Join us on 27 April for a unique opportunity to sit in on a live City Speaker talk, meet the team and visit the Business School. This will be the last chance to attend an event at Cambridge Judge Business School before the final MFin application deadline. (more…)
Professor Agni Orfanoudaki, Saïd Business School of Oxford University
There is a growing amount of evidence that machine learning (ML) algorithms can be used to develop accurate clinical risk scores for a wide range of medical conditions. However, the degree to which such algorithms can affect clinical decision-making is not well understood. Our work attempts to address this problem, investigating the effect of algorithmic predictions on human expert judgment. Leveraging an online survey of medical providers and data from a leading US hospital, we develop an ML algorithm and compare its performance with that of medical experts in the task of predicting 30-day readmissions after solid-organ transplantation. We find that our algorithm is not only more accurate in predicting clinical risk but can also positively influence human judgment. However, its potential impact is mediated by the users’ degree of algorithm aversion and trust. We show that, while our ML algorithm establishes non-linear associations between patient characteristics and the outcome of interest, human experts mostly attribute risk in a linear fashion. To capture potential synergies between human experts and the algorithm, we propose a human-algorithm “centaur” model. We show that it can outperform human experts and the best ML algorithm by systematically enhancing algorithmic performance with human-based intuition. Our results suggest that implementing the centaur model could reduce the average patient readmission rate by 26.4%, yielding up to a $770,000 reduction in annual expenditure at our partner hospital and up to $67 million savings in overall U.S. healthcare expenditures. (more…)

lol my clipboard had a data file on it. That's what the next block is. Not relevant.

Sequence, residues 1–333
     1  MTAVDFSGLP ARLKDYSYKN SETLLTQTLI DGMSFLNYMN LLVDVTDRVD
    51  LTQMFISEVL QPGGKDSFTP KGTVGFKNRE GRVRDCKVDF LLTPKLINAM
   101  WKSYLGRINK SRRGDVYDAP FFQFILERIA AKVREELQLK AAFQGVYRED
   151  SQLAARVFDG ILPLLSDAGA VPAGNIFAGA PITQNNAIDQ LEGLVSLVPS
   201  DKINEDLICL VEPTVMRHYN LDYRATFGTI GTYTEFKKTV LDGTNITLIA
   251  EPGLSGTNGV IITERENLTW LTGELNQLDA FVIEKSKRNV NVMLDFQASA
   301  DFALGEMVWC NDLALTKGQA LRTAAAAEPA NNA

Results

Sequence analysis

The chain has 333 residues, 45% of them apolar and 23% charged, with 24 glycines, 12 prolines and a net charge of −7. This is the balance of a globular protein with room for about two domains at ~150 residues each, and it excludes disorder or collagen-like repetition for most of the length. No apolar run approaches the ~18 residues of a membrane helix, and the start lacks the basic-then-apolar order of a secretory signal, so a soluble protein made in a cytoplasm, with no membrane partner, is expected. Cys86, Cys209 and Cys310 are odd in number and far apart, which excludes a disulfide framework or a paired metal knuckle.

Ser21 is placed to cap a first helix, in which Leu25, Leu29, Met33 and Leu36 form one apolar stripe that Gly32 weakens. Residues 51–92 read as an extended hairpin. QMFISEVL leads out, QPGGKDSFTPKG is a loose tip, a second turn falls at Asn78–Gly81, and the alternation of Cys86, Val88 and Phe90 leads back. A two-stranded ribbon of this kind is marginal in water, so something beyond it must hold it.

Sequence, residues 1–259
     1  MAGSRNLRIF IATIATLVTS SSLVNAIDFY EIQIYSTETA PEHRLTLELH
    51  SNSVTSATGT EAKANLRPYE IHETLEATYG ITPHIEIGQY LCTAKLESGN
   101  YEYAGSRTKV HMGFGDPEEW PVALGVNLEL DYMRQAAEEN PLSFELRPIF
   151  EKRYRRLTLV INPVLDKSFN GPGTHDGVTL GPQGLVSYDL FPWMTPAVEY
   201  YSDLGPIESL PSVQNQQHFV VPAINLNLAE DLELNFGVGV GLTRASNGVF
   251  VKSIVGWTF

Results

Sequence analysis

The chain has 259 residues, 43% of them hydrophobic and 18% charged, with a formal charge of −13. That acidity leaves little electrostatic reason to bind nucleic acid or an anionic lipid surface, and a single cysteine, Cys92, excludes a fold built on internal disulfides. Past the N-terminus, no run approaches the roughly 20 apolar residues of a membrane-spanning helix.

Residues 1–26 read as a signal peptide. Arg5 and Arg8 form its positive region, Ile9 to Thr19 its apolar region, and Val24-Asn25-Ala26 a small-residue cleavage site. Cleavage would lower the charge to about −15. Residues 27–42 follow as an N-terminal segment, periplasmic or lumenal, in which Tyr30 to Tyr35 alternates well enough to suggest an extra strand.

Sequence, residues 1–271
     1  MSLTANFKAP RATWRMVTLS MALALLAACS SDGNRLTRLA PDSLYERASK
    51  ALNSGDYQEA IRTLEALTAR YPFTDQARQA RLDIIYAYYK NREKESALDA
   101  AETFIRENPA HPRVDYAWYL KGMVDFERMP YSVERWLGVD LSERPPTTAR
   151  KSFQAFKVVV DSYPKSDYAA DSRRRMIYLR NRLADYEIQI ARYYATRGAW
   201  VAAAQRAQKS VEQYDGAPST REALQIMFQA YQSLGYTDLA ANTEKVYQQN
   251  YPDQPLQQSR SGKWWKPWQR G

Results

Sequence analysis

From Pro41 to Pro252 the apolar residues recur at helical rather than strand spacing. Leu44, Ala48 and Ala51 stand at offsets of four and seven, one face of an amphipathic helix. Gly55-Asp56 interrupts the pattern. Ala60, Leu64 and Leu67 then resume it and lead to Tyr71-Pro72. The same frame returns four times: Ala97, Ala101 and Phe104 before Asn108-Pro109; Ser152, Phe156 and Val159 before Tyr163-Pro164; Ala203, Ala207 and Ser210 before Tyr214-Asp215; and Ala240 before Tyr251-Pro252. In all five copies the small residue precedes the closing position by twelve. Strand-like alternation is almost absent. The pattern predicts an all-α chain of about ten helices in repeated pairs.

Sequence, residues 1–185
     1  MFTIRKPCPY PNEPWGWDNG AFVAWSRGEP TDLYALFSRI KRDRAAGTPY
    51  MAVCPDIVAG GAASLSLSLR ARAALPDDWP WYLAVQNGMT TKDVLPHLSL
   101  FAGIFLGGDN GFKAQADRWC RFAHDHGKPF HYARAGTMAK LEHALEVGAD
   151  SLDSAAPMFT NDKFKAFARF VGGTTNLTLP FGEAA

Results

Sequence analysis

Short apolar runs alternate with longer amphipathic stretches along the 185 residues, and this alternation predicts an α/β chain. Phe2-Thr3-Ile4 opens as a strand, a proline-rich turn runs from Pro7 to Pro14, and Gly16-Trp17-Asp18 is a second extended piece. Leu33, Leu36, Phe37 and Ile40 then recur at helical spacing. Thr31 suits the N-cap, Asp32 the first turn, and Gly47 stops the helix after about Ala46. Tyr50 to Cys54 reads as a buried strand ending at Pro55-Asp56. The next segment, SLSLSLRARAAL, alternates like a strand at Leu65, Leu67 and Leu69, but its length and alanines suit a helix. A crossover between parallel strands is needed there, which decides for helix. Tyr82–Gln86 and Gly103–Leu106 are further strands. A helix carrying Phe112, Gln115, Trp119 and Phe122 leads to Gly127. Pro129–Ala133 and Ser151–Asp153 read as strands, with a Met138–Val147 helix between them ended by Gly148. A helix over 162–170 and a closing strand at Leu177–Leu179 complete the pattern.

We advance research on legitimacy by theorising a multilevel model of how an individual legitimacy belief—propriety—is affected by an exogenous shock and how two collective constructs—validity and consensus—influence this effect. Whereas validity can reflect underlying consensus, the constructs are not the same, given that validity may hide disagreement and thus low consensus. Disentangling validity from consensus allows us to theorise that changes in evaluators’ propriety beliefs are strongest following exogenous shocks characterised by high validity and low consensus, because a shock may reveal that validity was contested. Using a regression discontinuity design based on data from 6,198 evaluators across 16 countries, we examine the effect of the 2008 financial crisis on individuals’ propriety beliefs in free markets. Our results provide empirical support for our theory and thereby shed light on how legitimacy changes in the wake of an exogenous shock.